"An Education" **** (100 minutes)

Sunday January 31, 2010

Dutch director Lone Scherfig's two films (2002's "Italian for Beginners" & 2004's "Wilbur Wants to Kill Himself") have both been critically acclaimed. Her third entry even more so. She was the screenwriter for the 2 earlier efforts but now enlists the talents of equally acclaimed Nick Horby who scribed 2000's "High Fidelity" & 2002's "About a Boy". Together, they have produced one of my favorite films of the past year.

The story, based on a memoir by British journalist Lynn Barber, concerns 16 year old Jenny (in a phenomenal debut by Carey Mulligan), a musically talented and academically bright schoolgirl who is on a steady course for "an education" at Oxford. Although this course of action seems more to please her middle class parents (ably played by Alfred Molina and Cara Seymour), she is dutifully following their wishes by excelling in school-all the while dreaming about the exciting possibilities the world can offer besides her current mundane scholastic voyage.

Then, she meets charming, well-to-do, 35ish David (played by the always competent Peter Sarsgaard who hits all the right notes) who one day offers her a ride home while standing on a corner holding her cello in a driving rain. After convincing her that he has no alternative motives (this is taking place in the more trusting times of the early 60's), the die is cast as he slowly and methodically alters her predetermined course from one of unexceptional everyday existence to one of excitement and intrigue-an education of worldly existence.

There are 2 adults in her life, namely her parents, who, like Jenny, also fall for the charms of her suitor and quickly reverse course for their daughter-not recognizing the pitfalls their relationship pose. They see her comfortably taken care of for the rest of her life and begin to dismiss what an education at Oxford might have afforded.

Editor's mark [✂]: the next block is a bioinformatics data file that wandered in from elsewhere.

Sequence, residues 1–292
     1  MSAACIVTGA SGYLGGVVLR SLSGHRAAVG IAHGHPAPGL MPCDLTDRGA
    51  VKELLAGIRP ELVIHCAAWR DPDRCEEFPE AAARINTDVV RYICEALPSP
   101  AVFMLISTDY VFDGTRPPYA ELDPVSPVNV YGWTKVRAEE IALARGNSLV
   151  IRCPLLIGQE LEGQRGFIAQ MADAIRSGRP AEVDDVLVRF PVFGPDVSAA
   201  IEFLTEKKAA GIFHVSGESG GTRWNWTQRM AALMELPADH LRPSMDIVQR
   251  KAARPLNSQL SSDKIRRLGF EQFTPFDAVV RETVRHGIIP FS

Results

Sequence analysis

Luckily, there are 2 other adults in Jenny's sphere who see her relationship for what it is and who recognize the talents Jenny is ready to hastily throw away: her English teacher (Olivia Williams) and her headmistress (the great Emma Thompson is a small but effective role) who try to impart to Jenny a different kind of education.

Through most of the film, Alfred Molina comes across as a naive bloke and gives basically a one-note performance. That is, until the end when he confronts his daughter with a brilliantly moving speech that had me moved to tears. And look for last year's Best Actress nominee Sally Hawkins ("Happy Go Lucky") who appears for a very brief pivotal scene near the end.

As pointed out above, the title of the film has multiple connotations. And, even though that, on the surface, this is a story of an older man possibly praying on a teenage girl, don't let that deter you in visiting a film that is brilliant in its writing, acting & execution. I absolutely loved this film!

Jenny (Carry Mulligan) & David (Peter Sarsgaard)
share an intimate moment

Jenny's parents Jack (Alfred Molina) & Majorie (Cara
Seymour) (l) about to go out to dinner with Jenny & David (r)

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